"The Stuff That Dreams Are Made Of" ... Bogart, Shakespeare, The Maltese Falcon, Those Great Movies

Friday, December 11, 2009

Brief Reflections

By ClassicBecky

I believe that many classic movie lovers fear the same thing I do, namely, political correctness.  I remember a few years ago when the United States Postal Service released an honorary stamp in tribute to the great blues artist Robert Johnson.  The most famous picture of Johnson that we have is of him looking into the camera holding his guitar and smoking a cigarette.  The Postal Service decided to digitally remove the cigarette from his mouth because of political correctness.  They changed Robert Johnson as he was to a false Robert Johnson who would fit their ideas of what is acceptable.  That is a horrifying travesty.  Anyone who has ever read George Orwell's "1984" is aware of what can happen when such thinking is taken to the limit. 

Our beloved classic films could very well be treated in the same way in the current climate.  Obviously there are things in classic films that society has evolved enough to realize are offensive, i.e. racial stereotypes, social habits that are no longer acceptable, etc.  However, this is history on film, and to change history is to crack the foundation of truth.  I fear that possibly in the near future, these movies will be cut and pasted to remove any dance numbers, comedy bits or habits that no longer fit a society of political correctness.  Removing smoking alone would be a full-time job, especially with a Bette Davis or Humphrey Bogart movie!

This is not a paranoid fantasy.  It happened to Robert Johnson's picture.  I have already seen a movie so chopped up, certainly not a classic one by any means, "Robin Hood - Men in Tights" by Mel Brooks.  Whoever edited this movie for the particular channel that showed it removed all references to gay jokes.  If you have seen that movie, you know that this resulted in its being chopped to pieces.  This may not be a stirring call to arms because of the particular movie, but it illustrates my fears.  If it could happen to one movie, it can happen to another.  Those of us who love classic film must be alert to this kind of trend and speak out if and when it finally hits the films we love.   History is history and truth is truth.  Neither should ever be changed.


  1. A thought-provoking editorial, Becky. I remember when a friend of mine walked out of a film society's showing of BIRTH OF A NATION. I asked her why and she said it was because of Griffith's heroic portrayal of the KKK. I suggested that she look beyond that and focus on Griffith's significant contributions to the art of cinema. But she couldn't...and I think there are others who feel that way, too. But a film altered is no longer the same film. With two notable exceptions (ALIENS and BLADE RUNNER), I also don't care for directors' cuts of their famous movies...though I suppose one could argue that the director's vision was tampered with from the beginning and he or she is just restoring it.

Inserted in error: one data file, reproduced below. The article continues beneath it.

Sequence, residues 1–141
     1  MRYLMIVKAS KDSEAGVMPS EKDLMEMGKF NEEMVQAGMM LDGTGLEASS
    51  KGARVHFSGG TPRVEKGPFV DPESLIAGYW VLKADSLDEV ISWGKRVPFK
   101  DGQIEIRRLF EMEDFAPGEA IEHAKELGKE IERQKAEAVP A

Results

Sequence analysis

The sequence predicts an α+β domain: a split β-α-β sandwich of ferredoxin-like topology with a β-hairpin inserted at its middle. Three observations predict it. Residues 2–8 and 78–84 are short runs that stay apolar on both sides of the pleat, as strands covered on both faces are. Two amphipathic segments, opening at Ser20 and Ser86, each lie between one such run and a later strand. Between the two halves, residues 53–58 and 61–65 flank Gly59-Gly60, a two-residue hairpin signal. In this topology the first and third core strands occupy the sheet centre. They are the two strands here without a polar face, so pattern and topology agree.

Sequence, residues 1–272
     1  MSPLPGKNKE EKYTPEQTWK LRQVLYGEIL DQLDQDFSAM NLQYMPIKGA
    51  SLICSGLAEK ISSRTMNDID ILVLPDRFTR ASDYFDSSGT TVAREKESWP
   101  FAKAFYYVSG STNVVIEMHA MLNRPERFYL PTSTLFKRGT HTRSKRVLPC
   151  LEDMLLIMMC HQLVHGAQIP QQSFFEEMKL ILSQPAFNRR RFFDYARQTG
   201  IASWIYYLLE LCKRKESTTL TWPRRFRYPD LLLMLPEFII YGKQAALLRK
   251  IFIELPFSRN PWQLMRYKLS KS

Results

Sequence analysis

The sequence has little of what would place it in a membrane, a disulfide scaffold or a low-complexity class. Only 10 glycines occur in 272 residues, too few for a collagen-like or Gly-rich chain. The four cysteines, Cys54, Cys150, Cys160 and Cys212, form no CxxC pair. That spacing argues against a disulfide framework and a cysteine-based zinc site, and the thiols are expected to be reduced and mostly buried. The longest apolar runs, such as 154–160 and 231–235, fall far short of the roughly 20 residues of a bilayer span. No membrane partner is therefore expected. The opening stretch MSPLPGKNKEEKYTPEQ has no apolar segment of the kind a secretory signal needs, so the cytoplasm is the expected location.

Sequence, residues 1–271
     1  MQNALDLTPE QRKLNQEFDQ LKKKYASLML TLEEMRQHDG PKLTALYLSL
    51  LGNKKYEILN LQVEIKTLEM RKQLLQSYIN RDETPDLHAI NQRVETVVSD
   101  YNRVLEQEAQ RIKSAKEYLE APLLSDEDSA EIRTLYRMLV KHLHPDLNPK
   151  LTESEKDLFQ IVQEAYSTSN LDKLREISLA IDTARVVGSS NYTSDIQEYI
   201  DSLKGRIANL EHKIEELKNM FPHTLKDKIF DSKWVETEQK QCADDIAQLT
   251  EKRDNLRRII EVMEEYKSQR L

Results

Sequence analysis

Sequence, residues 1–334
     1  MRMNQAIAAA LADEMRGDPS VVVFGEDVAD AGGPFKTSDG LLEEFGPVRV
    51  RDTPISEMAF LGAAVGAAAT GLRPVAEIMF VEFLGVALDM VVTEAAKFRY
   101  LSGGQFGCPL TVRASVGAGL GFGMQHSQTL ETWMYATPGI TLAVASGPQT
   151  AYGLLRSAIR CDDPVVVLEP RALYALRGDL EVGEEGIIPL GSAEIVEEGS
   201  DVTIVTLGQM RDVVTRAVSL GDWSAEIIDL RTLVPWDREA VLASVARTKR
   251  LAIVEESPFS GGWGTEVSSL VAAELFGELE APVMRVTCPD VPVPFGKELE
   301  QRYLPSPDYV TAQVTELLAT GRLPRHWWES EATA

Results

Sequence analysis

2. Another example: the word "terrorist" also seems to be a touchy word these days. I was watching the Richard Donner cut of "Superman II" not long ago and noticed that he cut out the scene in the Daily Planet when Clark and Perry White talk about terrorists, which was in the original movie.

  3. When I was raising my sons and introducing them to classic films, I always talked to them about the old ways of racial stereotypes and bygone beliefs. I encouraged them to look at these things as part of the past, and to see the movie in its own context of history. I try to do the same thing with my grandkids. I think you must judge any work of art according to its unique background and era. If we can't do that, much of the great literature of the world would be considered incorrect, even works of art, and we would be destroying the very essence of the cultural past. Thanks all for commenting on my little reflection.

  4. Good points. I never really thought about films being edited for PC purposes. I'll be more attentive now.

  5. Becky I was too am irritated about this trend. I don't smoke, but let's criminalize it either. In fact, I believe they did remove the cigarette for Bette Davis' stamp photo. It's one thing to not encourage smoking, but to pretend that these people were of a different time/era and did not know the dangers we do today is ridiculous. As you said, history is history.

  6. I can't type! First two sentences, Take 2!
    I am irritated about this trend too. I don't smoke, but let's NOT criminalize either.